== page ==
My respondents stressed the need for effective communication strategies to help journalists better tell the stories of these groups. They explored factors such as the media’s agenda, the role of non-governmental organisations and United Nation’s agencies, how children are being used as sources, and the problems with the current narratives.

There was a broad recognition that child protection should be a key consideration and a central principle in any approach. Interviewees highlighted the importance of making a conscious effort to avoid portraying children as victims or using their stories to fulfill organisational or industry agendas. They also touched on practical considerations such as seeking parental or guardian consent and avoiding the use of images that identify children.

How journalism can make a positive difference

The interviewed communication specialists also shared their views on what reporters can do to provide a more accurate narrative and representation of refugee children. Here is what they suggested:

  • Recognise the rights of children: The idea is that representing minors as empowered individuals rather than hopeless victims could challenge existing perceptions and allow audiences to see the potential of refugee children to contribute to Italian society.
  • Tell the story of their arrival in Italy: The Italian public is not informed about the administrative, legal, and social challenges children face when they arrive. Increasing this awareness will help to paint a more accurate picture of the complex situation these minors face in their new reality.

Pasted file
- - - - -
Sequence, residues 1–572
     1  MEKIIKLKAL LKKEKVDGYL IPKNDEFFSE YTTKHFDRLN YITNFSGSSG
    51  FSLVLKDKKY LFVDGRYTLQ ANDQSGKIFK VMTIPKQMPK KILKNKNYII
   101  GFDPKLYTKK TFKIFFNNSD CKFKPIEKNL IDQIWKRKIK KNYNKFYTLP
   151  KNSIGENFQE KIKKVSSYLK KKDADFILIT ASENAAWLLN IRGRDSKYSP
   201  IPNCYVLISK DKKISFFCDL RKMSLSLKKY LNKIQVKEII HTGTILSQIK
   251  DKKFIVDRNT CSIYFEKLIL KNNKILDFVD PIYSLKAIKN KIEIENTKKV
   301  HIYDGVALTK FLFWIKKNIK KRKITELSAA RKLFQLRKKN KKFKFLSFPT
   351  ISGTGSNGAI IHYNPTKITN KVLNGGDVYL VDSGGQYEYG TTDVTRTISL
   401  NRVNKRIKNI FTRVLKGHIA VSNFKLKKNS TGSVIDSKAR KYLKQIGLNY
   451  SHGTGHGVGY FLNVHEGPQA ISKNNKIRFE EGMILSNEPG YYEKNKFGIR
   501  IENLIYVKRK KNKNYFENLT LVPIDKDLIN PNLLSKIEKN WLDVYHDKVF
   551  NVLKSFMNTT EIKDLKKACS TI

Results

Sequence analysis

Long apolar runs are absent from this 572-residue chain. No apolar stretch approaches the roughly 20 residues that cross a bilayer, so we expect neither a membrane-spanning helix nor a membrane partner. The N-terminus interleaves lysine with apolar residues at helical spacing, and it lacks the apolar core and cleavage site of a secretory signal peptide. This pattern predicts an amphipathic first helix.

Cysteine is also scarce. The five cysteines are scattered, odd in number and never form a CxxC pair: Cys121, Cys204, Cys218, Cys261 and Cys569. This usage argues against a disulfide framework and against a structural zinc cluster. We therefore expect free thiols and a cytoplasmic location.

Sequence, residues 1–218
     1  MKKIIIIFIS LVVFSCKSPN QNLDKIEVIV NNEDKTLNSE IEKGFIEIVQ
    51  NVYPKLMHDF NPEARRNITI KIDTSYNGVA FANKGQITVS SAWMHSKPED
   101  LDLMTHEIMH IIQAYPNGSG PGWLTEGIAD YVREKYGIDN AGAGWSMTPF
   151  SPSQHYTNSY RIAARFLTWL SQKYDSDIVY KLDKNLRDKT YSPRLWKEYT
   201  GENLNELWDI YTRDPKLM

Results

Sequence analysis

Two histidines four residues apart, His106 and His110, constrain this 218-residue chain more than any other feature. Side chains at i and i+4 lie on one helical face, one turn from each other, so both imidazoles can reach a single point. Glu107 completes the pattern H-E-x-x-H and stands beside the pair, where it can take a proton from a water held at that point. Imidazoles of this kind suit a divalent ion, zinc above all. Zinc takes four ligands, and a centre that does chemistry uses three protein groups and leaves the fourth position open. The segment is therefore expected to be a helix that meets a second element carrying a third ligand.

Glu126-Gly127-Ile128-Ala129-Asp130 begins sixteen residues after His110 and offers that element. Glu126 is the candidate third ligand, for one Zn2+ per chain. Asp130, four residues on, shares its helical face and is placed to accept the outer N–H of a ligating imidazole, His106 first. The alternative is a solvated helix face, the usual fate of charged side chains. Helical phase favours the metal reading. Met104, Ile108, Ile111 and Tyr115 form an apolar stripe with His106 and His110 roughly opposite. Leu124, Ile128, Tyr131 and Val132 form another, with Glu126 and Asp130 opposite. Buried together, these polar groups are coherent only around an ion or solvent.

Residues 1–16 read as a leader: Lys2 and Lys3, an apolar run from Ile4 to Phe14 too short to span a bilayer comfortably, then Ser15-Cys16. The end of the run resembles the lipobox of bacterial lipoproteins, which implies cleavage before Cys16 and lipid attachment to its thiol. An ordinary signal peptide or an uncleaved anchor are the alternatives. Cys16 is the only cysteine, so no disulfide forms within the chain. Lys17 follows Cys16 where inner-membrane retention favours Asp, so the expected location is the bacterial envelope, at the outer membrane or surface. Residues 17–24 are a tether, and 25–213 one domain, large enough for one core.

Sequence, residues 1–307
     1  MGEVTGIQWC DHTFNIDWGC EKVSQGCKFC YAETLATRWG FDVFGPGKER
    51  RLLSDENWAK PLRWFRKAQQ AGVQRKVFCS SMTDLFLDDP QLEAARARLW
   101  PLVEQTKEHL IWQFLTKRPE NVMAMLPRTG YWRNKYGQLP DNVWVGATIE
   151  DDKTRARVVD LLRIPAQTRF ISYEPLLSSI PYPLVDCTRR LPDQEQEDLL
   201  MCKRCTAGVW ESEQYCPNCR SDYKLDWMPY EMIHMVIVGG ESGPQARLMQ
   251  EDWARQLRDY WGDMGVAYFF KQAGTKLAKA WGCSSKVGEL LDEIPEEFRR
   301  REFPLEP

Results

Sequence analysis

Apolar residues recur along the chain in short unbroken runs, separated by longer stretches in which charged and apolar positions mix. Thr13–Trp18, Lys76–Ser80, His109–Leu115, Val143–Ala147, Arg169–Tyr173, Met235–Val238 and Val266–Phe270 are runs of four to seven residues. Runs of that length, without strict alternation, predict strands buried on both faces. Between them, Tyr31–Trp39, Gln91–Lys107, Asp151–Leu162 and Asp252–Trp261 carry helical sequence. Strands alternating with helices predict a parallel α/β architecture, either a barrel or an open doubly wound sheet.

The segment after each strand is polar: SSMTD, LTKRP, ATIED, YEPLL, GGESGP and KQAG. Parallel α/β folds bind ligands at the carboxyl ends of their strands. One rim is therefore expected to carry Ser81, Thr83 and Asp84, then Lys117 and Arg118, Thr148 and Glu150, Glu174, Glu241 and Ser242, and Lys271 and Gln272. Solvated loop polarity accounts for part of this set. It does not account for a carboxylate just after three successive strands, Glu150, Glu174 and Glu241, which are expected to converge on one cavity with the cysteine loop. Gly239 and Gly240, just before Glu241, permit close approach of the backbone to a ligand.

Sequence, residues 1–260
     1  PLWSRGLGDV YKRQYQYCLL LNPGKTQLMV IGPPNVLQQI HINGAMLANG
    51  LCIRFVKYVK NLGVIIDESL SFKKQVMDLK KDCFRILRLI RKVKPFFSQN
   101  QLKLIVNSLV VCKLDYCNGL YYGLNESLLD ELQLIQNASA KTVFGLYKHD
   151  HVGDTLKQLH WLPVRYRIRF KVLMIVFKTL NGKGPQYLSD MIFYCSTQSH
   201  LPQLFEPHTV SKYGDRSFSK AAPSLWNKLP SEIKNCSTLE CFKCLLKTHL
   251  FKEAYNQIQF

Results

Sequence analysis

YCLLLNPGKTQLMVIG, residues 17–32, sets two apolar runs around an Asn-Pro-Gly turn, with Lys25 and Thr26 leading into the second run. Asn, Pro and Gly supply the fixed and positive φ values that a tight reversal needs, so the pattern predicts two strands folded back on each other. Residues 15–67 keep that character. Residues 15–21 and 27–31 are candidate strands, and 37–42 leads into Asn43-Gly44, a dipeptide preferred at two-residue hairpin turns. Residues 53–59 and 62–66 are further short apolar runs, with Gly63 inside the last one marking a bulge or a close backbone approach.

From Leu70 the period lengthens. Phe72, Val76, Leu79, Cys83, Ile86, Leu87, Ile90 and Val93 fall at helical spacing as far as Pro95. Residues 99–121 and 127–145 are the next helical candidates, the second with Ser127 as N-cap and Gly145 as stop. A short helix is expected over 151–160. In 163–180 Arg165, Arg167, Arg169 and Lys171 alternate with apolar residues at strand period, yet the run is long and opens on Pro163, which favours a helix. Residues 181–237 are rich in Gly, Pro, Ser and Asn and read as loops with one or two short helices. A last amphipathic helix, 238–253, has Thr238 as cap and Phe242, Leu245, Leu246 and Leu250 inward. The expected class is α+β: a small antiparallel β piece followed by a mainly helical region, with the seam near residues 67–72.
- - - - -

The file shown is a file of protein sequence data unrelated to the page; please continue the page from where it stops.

• Tell the success stories of integration: Here, the element of consistency is key. While the media do, at times, cover the triumph of migrants who have successfully settled in their host community, this is not done regularly enough to encourage a stronger sense of acceptance and a deeper familiarity with refugees.
  • Highlight commonalities between refugee children and Italian children: Instead of keeping the spotlight on differences focus on the similarities of the experience of being children. This could help facilitate the social inclusion of refugee minors.

A vision for change

What is clear is that because the representation of refugee children in Italy is driven by a complex range of media dynamics, it is useful to stretch beyond the boundaries of media content analysis. Speaking to communication professionals from organisations that lead on the response to this issue, offers a new perspective and another angle from which to explore and understand the complexities of migration and refugee narratives.

Through my conversations with these communications specialists, I have identified a set of concepts, which could be a starting point for enhancing media practices around migration reporting and developing approaches that can positively impact the long-term situation of refugee minors.

I hope my research will open up a space for further discussion and reflection on the impact that the current narrative is having on society, and how these narratives can be reframed, with a view towards broader social change and a shift in the way the public in host countries experiences migration – particularly in relation to children.

Read the full version of my research-based article here.

Opinions expressed on this website are those of the authors alone and do not necessarily reflect or represent the views, policies or positions of the EJO or the organisations with which they are affiliated.

If you liked this story, you may also be interested in: How do the European media cover migration?